Pickle Finance Exploited For $20M In Most Complex Ever Code Execution


In the latest DeFi hack, stablecoin stabilizing protocol Pickle Finance was exploited on 21-11-2020 06:37 PM (UTC) for nearly $20M. It is notable because analysts are terming it as the most complex DeFi exploit ever, as pDAI jar was hacked with skill-full mastery. The system was gamed using multiple flaws, including Jar swap and Jar convert logic in an extremely sophisticated code execution.

Following the attack, users were advised to withdraw funds from Pickle Jars and wait for the next updates. The team has now confirmed that the attack has been reverse engineered and relevant system modules have been patched to defend against this attack vector, in the future.

Banteg Reveals Details Of The Attack

Yearn.Finance developer Banteg was one of the white hat hackers assisting the team with the investigation and fixed. He has since then posted a detailed explanation of the attack. It is every evident that the hacker (s) had a deep understanding of the smart contract logic and execution. The following information was taken from the Github entry.

  1. Deploy two Evil Jars
  2. Get the amount available to withdraw from StrategyCmpdDaiV2
  3. Invoke ControllerV4.swapExactJarForJar() passing the Evil Jars and the amount retrieved in the previous step.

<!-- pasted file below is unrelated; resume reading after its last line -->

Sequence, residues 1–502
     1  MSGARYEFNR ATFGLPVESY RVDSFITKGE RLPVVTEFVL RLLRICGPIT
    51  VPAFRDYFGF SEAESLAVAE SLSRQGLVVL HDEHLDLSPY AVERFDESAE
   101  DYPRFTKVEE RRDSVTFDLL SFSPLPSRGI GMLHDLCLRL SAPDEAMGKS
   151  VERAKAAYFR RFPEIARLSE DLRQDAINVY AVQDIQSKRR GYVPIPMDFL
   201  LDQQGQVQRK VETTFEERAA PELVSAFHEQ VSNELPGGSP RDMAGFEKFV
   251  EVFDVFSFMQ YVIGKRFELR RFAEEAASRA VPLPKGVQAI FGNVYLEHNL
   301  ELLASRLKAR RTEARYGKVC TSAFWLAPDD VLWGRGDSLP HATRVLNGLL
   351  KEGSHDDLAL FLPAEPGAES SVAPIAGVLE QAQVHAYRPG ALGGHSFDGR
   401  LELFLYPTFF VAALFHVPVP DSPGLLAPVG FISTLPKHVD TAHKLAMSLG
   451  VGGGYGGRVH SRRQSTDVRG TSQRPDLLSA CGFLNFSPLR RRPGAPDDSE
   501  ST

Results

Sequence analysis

4. ControllerV4.swapExactJarForJar() doesn’t check the Jars and calls them, withdrawing from StrategyCmpDAIV2 using StrategyCmpDAIV2.withdrawForSwap() which ultimately usesStrategyCmpDAIV2.deleverageToMin(). This transfers 19M DAI to pDAI.
  5. Call pDAI.earn() 3 times. This invokes a Compound deposit via StrategyCmpDAIV2.deposit(), leading to the contract receiving cDAI. StrategyCmpdDAIV2 now has an equivalent of 19M in cDAI.
  6. Deploy 3 more evil contracts, the first one being the equivalent of FakeUnderlying in our replicated exploit and the other two Evil Jars.
  7. Invoke ControllerV4.swapExactJarForJar() passing the Evil Jars, no amount and a CurveProxyLogic as target with a crafted data which allowed an injection to call the equivalent FakeUnderlying.
  8. ControllerV4 delegate calls CurveProxyLogic.add_liquidity() passing StrategyCmpDAIV2 and a crafted signature which leads to withdrawal of cDAI and transferring them to ControllerV4.
  9. The funds (in cDAI) are now in the Controller, it calls the EvilJar.deposit() which transfer the funds to the attacker smart contract.
  10. The attacker smart contract redeems cDAI for DAI from Compound and transfers DAI to the attacker EOA.

Implications For DeFi Protocols Design And Security

DeFi protocols are generally famous for “move fast and break things” ethos. The developer teams in this space are known to experiment with code and deploy unaudited code without much protection. Lately, this has resulted in massive fund losses, no doubt largely borne by the users. Even if the code is audited even by multiple teams, there is no guarantee that it’s 100% secure.

DeFi teams need to apply a multi-disciplinary strategy, bringing together elements of finance, game theory, tokenomics, smart contract design and logic. They also need to make certain that going forward relevant safeguards are present to enforce limits and insurance has been acquired, in order to protect against such exploits.

Pickle Finance
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